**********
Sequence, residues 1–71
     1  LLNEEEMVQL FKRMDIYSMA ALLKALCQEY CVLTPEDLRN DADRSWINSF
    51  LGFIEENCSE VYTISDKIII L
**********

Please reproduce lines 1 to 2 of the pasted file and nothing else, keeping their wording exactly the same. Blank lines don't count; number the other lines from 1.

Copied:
Sequence, residues 1–71
     1  LLNEEEMVQL FKRMDIYSMA ALLKALCQEY CVLTPEDLRN DADRSWINSF